Two versions of the hagiography of these three saints have survived.  According to version #1, these brothers, all of them Roman soldiers during the reign (308-324) of Licinius I, refused to perform their military service due to their consciences.  The predictable courts-martial followed, as did their executions at Tomi, Pontus (now Constanta, Romania), near the Black Sea.  According to version #2, these brothers, all of them Roman soldiers, refused to offer sacrifices to the gods.  Authorities executed Sts. Argeus and Narcissus by beheading them.  St. Marcellinus, the youngest of the brothers, suffered flogging and incarceration prior to execution by drowning in the Black Sea.  Either way, the brothers died because they obeyed their Christian consciences.

These three saints prompt me to ask myself how much I would risk to obey my conscience, informed by Christianity and Judaism before it.  While I wrestle with that question I ask you, O reader, how much you would sacrifice to obey your Christ-informed conscience, if matters were ever to come to that.  For many of us, the relatively fortunate, it is a largely hypothetical question.  For many others, however, it is daily life.

KENNETH RANDOLPH TAYLOR

NOVEMBER 11, 2016 COMMON ERA

THE FEAST OF SAINT MARTIN OF TOURS, ROMAN CATHOLIC BISHOP

THE FEAST OF ANNE STEELE, FIRST IMPORTANT ENGLISH HYMN WRITER

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Almighty God, who gave to your servants Saints Narcissus, Argeus, and Marcellinus of Tomi

boldness to confess the Name of our Savior Jesus Christ

before the rulers of this world, and courage to die for this faith:

Grant that we may always be ready to give a reason for the hope that is in us,

and to suffer gladly for the sake of our Lord Jesus Christ; who lives and reigns

with you and the Holy Spirit, one God, for ever and ever.  Amen.

2 Esdras 2:42-48

Psalm 126 or 121

1 Peter 3:14-18, 22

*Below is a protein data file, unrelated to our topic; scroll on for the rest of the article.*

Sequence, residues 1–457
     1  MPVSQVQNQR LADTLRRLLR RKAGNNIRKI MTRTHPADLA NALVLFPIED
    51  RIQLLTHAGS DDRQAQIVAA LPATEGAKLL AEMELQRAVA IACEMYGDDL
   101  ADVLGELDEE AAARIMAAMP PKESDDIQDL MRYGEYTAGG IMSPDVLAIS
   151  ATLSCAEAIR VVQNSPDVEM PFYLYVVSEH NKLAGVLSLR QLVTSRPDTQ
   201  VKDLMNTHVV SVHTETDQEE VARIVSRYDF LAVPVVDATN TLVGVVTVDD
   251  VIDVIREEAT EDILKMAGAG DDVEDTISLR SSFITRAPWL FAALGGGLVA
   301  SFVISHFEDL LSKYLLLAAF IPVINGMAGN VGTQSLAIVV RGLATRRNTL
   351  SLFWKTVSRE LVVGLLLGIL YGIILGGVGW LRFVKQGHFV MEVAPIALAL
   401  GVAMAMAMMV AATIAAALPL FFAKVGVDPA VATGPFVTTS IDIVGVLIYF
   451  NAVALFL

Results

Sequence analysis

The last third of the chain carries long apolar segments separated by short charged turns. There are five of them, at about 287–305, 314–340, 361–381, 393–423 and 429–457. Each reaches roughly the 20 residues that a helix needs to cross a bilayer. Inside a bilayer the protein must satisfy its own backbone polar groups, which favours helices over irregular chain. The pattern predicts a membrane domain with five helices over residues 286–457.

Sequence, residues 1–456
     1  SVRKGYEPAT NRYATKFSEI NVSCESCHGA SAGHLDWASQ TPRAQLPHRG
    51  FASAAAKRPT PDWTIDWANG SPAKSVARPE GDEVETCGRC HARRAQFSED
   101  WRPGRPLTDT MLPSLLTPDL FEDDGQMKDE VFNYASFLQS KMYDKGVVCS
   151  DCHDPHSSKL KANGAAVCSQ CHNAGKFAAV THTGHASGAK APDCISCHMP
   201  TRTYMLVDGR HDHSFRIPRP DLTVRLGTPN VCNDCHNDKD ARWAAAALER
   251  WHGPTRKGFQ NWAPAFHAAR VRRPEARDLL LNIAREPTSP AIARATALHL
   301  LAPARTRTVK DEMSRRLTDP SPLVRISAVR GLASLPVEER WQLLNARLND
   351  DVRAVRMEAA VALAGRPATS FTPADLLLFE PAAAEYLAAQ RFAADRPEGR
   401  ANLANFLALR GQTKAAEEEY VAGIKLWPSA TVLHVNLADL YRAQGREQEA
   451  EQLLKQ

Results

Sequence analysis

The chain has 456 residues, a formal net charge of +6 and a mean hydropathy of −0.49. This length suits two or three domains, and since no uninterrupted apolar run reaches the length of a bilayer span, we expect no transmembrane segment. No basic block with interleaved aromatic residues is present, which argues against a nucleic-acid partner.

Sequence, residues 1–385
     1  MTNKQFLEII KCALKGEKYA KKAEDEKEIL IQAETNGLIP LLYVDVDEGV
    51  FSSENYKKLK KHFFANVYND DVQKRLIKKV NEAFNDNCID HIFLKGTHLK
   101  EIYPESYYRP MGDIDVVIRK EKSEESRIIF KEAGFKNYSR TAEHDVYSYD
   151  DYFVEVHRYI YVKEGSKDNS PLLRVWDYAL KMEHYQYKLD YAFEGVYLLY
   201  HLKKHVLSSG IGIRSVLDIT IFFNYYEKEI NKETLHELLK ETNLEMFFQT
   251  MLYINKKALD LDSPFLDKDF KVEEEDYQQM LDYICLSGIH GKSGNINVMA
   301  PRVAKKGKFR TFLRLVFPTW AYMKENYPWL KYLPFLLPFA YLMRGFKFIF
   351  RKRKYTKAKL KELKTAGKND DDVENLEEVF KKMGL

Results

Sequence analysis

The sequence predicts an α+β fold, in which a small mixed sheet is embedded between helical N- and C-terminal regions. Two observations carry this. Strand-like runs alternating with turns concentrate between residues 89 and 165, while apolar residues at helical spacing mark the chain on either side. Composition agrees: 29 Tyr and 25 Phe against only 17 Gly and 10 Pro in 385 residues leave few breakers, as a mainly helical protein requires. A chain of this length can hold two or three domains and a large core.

Matthew 10:16-22

–Adapted from Holy Women, Holy Men:  Celebrating the Saints (2010), page 713

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Feast of Johann Konrad Wilhelm Loehe (January 2)   2 comments

Loehe

Above:  Johann Konrad Wilhelm Loehe

Image in the Public Domain

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JOHANN KONRAD WILHELM LOEHE (FEBRUARY 21, 1808-JANUARY 2, 1872)

Bavarian Lutheran Minister and Coordinator of Domestic and Foreign Missions

The name of Johann Konrad Wilhelm Loehe comes from the calendars of Evangelical Lutheran Worship (2006) and the Lutheran Service Book (2006).  The former lists him as a “renewer of the church,” and the latter simply as a pastor.  Both descriptions are accurate yet inadequate.  The fact that I honor Loehe indicates that I respect him, not that I agree with him all of the time.  I cannot, in fact, think of anyone with whom I never disagree.

Our saint, who was frequently at odds with his ecclesiastical superiors, proved that life in exile need not prevent one from leaving an impressive legacy.  The native of Furth, near Nuremberg, Middle Franconia, lost his father, a shopkeeper, at the age of eight years.  Loehe studied at Nuremberg before matriculating at the University of Erlangen in 1826.   At first Loehe leaned toward Reformed theology, but encounters with the Lutheran Confessions changed his mind.  Our saint, who graduated in 1830, became an ordained minister the following year.  From 1831 to 1837 he served at a series of churches.  He alienated many people, especially his superiors.  Loehe, a minister of the Bavarian state Lutheran church, argued against state control of the church.  He also opposed rationalist influences in the Lutheran Church on one side and Pietistic minimalization of sacraments on the other side.  Holy Communion, Loehe said, was the proper center of parish life.  Our saint, a confessional Lutheran, circulated a proposed confessional basis for the church.  His superiors were not impressed.  From 1837 to his death in 1872 Loehe served a small church in Neuendettelsau, Bavaria, an out-of-the-way village.  This was ecclesiastical exile.

He speaks the Word the bread and wine to bless: